In machines we trust, or maybe not. John Martellaro and Bryan Chaffin join Jeff Gamet to talk about how people may perceive the information artificial intelligence systems like Siri will give us as they get smarter. They also have some thoughts on Apple’s potential impact on the medical industry.
Serious work, driven by competition, is being done to develop Siri as a better artificial intelligence. Pioneering work is being done on how Siri, in the future, will assess the accuracy of its information. When the human-machine conversation gets really sophisticated, will Siri be able to judge its own authoritativeness? Will we?
As artificial intelligence systems improve, voice assistants like Siri make take a more active role in protecting our computers and our online activity. John Martellaro and Kelly Guimont join Jeff Gamet to look at how Siri may play a bigger part in our personal cyber security, and whether or not that’s something we want.
Apple has another tool to help make Siri smarter thanks to its recent purchase of Lattice Data. The company specializes in artificial intelligence and dark data, which ultimately could turn out to be as cool as it sounds.
Inventec has reportedly scored a deal to build Apple’s Amazon Echo-like Siri speaker device. Apple hasn’t confirmed its personal assistant appliance is a real thing yet, but evidence keeps surfacing that seems to support it’s on the way.
Artificial Intelligence research is racing forward and loads of companies want in on the game. John Martellaro and Dave Hamilton join Jeff Gamet to discuss the impact artificial intelligence could have on society and how the AI choices we make now could have big repercussions in the future.
Capital One announced Friday an SMS chatbot for customers called Eno. The company claimed Eno is the first natural language SMS chatbot from a U.S. bank, allowing customers to ask questions using natural language. The ability to interact with artificial intelligences using natural language processing is something big companies like Apple, Amazon and Google are working on with their own virtual assistants.
Apple buying RealFace has people talking even more about using facial recognition to unlock our iPhones. John Martellaro and Bryan Chaffin join Jeff Gamet to talk about Apple’s potential plans and what they think the company has in store for facial recognition technology. They also look at Apple’s Siri and Amazon’s Alexa and the race for mainstream artificial intelligence.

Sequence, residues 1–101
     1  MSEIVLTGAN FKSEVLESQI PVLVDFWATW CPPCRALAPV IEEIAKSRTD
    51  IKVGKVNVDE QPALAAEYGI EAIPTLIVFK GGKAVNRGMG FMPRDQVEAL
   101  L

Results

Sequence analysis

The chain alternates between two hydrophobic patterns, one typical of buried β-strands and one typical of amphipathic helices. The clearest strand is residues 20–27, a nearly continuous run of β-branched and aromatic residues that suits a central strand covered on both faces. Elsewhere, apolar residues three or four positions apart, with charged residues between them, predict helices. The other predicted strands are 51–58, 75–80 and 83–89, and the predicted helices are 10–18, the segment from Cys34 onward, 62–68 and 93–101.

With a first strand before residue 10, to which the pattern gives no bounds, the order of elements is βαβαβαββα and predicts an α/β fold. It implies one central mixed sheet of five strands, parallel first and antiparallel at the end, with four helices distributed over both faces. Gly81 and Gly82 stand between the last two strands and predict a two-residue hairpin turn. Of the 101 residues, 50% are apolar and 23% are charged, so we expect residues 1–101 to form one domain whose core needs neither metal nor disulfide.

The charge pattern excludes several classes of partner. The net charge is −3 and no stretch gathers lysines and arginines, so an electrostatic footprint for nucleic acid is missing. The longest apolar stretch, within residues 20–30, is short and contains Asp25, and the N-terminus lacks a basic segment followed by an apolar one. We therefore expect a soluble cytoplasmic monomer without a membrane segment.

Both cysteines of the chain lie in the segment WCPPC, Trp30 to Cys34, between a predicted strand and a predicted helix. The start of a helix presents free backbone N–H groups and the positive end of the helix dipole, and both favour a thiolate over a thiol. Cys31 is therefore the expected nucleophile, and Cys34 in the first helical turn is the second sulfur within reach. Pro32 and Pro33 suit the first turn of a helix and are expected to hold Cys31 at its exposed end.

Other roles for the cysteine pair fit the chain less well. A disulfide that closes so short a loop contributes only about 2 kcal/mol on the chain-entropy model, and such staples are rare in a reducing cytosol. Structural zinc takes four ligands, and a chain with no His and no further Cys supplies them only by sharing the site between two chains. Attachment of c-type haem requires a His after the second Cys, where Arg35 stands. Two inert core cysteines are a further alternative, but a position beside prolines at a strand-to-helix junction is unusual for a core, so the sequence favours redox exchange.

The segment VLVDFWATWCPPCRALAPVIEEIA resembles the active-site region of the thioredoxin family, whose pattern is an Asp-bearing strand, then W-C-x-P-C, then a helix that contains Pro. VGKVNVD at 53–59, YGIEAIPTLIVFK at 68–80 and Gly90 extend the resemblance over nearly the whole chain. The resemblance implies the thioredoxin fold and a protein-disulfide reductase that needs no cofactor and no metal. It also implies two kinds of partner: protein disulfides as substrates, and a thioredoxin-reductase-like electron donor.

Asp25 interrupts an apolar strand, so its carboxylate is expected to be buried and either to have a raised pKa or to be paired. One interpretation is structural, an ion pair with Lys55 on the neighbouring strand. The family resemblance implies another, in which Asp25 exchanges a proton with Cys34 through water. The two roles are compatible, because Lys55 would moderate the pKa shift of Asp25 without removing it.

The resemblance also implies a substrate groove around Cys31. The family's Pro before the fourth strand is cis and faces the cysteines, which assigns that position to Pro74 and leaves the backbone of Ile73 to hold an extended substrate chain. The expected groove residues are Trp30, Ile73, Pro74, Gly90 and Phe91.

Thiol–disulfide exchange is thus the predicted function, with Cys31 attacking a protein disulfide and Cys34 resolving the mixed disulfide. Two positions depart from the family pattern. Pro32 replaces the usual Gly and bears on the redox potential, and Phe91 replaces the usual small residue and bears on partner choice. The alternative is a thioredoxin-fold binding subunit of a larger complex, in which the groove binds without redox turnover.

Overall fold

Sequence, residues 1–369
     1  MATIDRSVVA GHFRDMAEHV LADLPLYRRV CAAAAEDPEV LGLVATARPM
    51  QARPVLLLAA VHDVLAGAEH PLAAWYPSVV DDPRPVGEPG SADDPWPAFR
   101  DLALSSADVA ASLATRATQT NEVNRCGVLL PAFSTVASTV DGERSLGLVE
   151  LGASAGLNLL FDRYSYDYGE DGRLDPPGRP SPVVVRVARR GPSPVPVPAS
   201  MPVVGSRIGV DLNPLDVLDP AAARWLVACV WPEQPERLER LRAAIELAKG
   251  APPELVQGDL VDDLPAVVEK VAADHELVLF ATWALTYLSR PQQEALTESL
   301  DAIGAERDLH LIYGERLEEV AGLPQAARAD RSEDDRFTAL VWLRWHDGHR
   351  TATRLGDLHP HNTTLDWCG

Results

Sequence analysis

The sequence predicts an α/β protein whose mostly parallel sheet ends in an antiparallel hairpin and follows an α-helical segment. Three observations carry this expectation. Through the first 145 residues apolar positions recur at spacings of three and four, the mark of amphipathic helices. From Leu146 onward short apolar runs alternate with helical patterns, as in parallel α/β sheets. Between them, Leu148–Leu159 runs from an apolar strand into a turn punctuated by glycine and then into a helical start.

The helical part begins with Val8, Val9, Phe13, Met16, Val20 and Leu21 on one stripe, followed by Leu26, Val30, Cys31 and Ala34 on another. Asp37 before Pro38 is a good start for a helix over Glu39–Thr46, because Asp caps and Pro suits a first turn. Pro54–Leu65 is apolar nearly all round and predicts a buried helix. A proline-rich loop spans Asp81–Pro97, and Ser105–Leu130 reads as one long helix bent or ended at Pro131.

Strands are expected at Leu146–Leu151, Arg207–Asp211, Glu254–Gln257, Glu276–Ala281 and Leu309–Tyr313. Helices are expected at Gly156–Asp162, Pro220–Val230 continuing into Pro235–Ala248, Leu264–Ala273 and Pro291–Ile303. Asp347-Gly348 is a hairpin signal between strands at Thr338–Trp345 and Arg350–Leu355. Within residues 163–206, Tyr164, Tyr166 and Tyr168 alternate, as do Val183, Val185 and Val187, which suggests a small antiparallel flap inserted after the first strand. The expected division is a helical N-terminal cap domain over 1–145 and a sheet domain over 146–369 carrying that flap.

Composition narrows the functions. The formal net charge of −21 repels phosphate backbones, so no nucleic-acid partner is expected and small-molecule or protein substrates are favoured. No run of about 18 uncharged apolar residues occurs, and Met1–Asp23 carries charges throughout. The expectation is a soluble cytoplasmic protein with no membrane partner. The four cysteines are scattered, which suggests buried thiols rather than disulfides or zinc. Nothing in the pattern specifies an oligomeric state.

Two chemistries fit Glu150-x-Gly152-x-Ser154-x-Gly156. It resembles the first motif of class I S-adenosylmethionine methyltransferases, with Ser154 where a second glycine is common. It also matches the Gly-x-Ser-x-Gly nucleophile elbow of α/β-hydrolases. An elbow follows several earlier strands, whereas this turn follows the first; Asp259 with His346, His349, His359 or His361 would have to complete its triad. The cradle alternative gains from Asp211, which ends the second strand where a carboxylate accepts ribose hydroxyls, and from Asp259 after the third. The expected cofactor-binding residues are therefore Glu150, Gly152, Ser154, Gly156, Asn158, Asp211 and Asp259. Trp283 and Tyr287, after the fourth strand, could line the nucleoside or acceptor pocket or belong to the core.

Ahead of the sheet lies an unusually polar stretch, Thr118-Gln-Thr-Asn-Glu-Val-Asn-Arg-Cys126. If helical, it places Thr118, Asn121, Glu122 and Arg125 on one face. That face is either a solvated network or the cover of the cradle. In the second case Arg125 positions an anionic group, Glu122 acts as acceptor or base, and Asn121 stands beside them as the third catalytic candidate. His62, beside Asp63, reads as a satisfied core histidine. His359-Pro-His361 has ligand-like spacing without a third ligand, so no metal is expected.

Apple’s commitment to the artificial intelligence community is even stronger now that it’s officially a founding member of the Partnership for AI. The organization was created to help shape the future of artificial intelligence technology in an open way.
Bryan is totally paranoid about the Internet of Things, and he isn’t at all happy about the idea of having an Amazon Echo or Google Home listening in on everything in his house. Jeff laughs at him. Once the guffaws die down, they talk about how and why Apple is getting crushed by these good enough devices.
Apple’s artificial intelligence efforts are starting to come to light thanks to a just published white paper. The document describes a way to use artificial images to train computers to recognize real world objects, and is also a bit of a good faith gesture towards the open research philosophy in the AI community.
Apple is changing course and letting its engineers publish their research into artificial intelligence. John Martellaro and Bryan Chaffin join Jeff Gamet to share their thoughts on why Apple would do that, plus they respond to a listener comment questioning why Jeff is critical of HomeKit.
The best analyst questions during Apple’s Q4 2016 Financial Results came from Simona Jankowski with Goldman Sachs. She asked Tim Cook about his perspective on home vs. mobile artificial intelligence agents and then the issue of privacy. Tim Cook took a solid stand on both questions that reveal the future direction of Apple.
Apple indirectly confirmed it purchased the machine learning company Tuplejump, adding to its collection of artificial intelligence talent. Tuplejump’s technology is designed to process large amounts of data to make it easier to work with, which sounds like a great fit for Siri.